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HomeJournal of the American College of Cardiologyindex/list_12281_10Chronic Kidney Disease and Cardiovascular Disease

Chronic Kidney Disease and Cardiovascular Disease

Abstract and Introduction


Cardiovascular disease is the most common cause of death in patients with end-stage renal disease (ESRD). The initiation of dialysis for treatment of ESRD exacerbates chronic electrolyte and hemodynamic perturbations. Rapid large shifts in effective intravascular volume and electrolyte concentrations ultimately lead to subendocardial ischemia, increased left ventricular wall mass, and diastolic dysfunction, and can precipitate serious arrhythmias through a complex pathophysiological process. These factors, unique to advanced kidney disease and its treatment, increase the overall incidence of acute coronary syndrome and sudden cardiac death. To date, risk prediction models largely fail to incorporate the observed cardiovascular mortality in the CKD population; however, multimodality imaging may provide an additional prognostication and risk stratification. This comprehensive review discusses the cardiovascular risks associated with hemodialysis, and explores the pathophysiology and the novel utilization of multimodality imaging in CKD to promote a personalized approach for these patients with implications for future research.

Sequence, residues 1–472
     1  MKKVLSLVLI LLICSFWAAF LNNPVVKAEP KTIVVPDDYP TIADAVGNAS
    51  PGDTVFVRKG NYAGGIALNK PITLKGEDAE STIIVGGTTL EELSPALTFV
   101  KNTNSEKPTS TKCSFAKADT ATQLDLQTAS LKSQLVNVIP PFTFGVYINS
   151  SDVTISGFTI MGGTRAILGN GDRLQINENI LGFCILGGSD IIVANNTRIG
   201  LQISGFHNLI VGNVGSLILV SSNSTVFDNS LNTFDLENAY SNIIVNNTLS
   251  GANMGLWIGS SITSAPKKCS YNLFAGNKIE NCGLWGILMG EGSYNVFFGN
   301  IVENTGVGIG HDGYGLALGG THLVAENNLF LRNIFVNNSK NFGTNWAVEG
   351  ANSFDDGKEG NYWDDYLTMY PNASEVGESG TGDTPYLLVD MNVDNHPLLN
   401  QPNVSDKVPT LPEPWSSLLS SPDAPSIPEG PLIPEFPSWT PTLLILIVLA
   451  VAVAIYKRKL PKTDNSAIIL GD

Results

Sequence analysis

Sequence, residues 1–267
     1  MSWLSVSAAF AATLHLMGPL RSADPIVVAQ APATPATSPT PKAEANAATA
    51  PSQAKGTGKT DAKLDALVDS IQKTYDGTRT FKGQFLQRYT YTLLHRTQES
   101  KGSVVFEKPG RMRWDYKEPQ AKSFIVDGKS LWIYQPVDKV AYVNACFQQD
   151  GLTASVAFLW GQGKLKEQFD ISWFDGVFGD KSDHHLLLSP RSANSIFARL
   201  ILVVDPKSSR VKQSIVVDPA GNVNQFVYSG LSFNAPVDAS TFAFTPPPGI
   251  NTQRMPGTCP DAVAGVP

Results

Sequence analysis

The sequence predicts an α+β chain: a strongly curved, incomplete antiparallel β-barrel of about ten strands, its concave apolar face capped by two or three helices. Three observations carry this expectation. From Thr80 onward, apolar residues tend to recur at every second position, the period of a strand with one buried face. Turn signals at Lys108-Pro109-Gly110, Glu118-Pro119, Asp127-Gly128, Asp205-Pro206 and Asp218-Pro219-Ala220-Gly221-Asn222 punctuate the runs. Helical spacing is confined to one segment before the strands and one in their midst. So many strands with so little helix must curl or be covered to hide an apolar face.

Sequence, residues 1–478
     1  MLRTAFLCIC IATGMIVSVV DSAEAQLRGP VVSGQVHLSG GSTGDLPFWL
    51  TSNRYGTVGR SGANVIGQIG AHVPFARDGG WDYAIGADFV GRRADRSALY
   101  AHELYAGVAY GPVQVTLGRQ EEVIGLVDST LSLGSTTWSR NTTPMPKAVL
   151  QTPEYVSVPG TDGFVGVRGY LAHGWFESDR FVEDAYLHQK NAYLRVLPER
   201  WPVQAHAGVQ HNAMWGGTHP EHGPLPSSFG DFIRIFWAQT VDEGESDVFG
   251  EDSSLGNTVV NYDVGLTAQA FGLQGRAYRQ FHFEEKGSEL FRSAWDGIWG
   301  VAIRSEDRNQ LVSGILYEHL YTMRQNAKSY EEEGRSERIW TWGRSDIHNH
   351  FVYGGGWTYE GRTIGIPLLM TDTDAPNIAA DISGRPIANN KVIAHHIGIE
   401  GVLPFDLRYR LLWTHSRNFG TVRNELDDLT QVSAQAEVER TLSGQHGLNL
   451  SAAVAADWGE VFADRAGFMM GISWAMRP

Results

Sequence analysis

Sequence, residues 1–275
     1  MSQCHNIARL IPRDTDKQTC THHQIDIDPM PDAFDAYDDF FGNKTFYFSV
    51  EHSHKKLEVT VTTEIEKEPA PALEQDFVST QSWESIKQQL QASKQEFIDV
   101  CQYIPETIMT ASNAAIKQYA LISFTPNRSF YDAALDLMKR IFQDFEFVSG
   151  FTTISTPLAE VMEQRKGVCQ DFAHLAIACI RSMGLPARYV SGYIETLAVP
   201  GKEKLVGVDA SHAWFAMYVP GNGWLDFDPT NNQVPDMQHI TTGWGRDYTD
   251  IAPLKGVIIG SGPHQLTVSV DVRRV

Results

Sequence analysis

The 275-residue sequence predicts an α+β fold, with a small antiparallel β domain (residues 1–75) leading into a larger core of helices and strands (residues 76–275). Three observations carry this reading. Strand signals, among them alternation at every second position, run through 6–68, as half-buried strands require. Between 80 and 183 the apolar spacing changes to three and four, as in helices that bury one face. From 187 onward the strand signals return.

Chronic kidney disease (CKD) has a myriad of direct negative effects on the cardiovascular system.[1–3] The progression to hemodialysis (HD) generates major intravascular shifts in volume and electrolytes. This leads to HD-related cardiovascular injuries that include intradialytic hypotension (IDH) and myocardial stunning, which place patients at risk for acute ischemic syndromes, arrhythmias, and sudden cardiac death (SCD) (Figure 1). As CKD progresses, cardiovascular mortality rises, eventually becoming the most common cause of death among end-stage renal disease (ESRD) patients.[4] In this review, we summarize the evidence linking CKD and cardiovascular disease (CVD) with a particular emphasis on the impact of HD on CVD. We review the epidemiology, pathophysiology, and challenges in care of cardiac disease in ESRD patients. Furthermore, we discuss the role of imaging in risk stratification and propose a novel algorithm to minimize CVD risk in patients progressing from CKD to ESRD.

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Figure 1.

Associations Between CKD and CVD

With progressive chronic kidney disease (CKD), there is progressive volume overload leading to left ventricular hypertrophy (LVH). With initiation of dialysis and progression to end-stage renal disease (ESRD), there is an increased risk of intradialytic hypotension (IDH) leading to subendocardial ischemia in a predisposing hypertrophic myocardium. Finally, with thrice weekly dialysis, there is higher risk of sudden cardiac death secondary to arrhythmias likely due to myocardial fibrosis. Thus, there is increased cardiovascular disease (CVD) mortality with progressive glomerular filtration rate (GFR) decline.

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